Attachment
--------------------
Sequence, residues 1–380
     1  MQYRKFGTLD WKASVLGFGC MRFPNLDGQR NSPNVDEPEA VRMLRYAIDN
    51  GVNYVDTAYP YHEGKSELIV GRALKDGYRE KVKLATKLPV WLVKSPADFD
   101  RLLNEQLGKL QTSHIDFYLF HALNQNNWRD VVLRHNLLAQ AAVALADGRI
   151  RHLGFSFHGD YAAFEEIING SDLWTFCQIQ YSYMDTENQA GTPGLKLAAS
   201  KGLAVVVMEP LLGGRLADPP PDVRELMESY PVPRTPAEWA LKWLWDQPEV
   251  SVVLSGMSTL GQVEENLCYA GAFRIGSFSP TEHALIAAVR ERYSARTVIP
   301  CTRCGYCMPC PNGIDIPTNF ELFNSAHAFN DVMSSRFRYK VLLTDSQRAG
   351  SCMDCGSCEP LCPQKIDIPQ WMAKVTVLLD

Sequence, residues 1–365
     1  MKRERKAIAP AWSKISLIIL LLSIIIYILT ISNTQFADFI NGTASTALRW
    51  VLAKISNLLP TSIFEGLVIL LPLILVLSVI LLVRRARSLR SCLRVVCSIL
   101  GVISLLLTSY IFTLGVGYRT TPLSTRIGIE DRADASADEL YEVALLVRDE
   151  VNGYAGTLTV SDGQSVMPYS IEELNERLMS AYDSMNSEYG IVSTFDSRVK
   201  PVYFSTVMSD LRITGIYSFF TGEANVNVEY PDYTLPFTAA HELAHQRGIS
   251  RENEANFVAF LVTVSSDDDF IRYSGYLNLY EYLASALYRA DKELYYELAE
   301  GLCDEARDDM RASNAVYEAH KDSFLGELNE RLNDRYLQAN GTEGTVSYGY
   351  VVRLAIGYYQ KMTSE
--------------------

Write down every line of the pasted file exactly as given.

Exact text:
Sequence, residues 1–380
     1  MQYRKFGTLD WKASVLGFGC MRFPNLDGQR NSPNVDEPEA VRMLRYAIDN
    51  GVNYVDTAYP YHEGKSELIV GRALKDGYRE KVKLATKLPV WLVKSPADFD
   101  RLLNEQLGKL QTSHIDFYLF HALNQNNWRD VVLRHNLLAQ AAVALADGRI
   151  RHLGFSFHGD YAAFEEIING SDLWTFCQIQ YSYMDTENQA GTPGLKLAAS
   201  KGLAVVVMEP LLGGRLADPP PDVRELMESY PVPRTPAEWA LKWLWDQPEV
   251  SVVLSGMSTL GQVEENLCYA GAFRIGSFSP TEHALIAAVR ERYSARTVIP
   301  CTRCGYCMPC PNGIDIPTNF ELFNSAHAFN DVMSSRFRYK VLLTDSQRAG
   351  SCMDCGSCEP LCPQKIDIPQ WMAKVTVLLD

Sequence, residues 1–365
     1  MKRERKAIAP AWSKISLIIL LLSIIIYILT ISNTQFADFI NGTASTALRW
    51  VLAKISNLLP TSIFEGLVIL LPLILVLSVI LLVRRARSLR SCLRVVCSIL
   101  GVISLLLTSY IFTLGVGYRT TPLSTRIGIE DRADASADEL YEVALLVRDE
   151  VNGYAGTLTV SDGQSVMPYS IEELNERLMS AYDSMNSEYG IVSTFDSRVK
   201  PVYFSTVMSD LRITGIYSFF TGEANVNVEY PDYTLPFTAA HELAHQRGIS
   251  RENEANFVAF LVTVSSDDDF IRYSGYLNLY EYLASALYRA DKELYYELAE
   301  GLCDEARDDM RASNAVYEAH KDSFLGELNE RLNDRYLQAN GTEGTVSYGY
   351  VVRLAIGYYQ KMTSE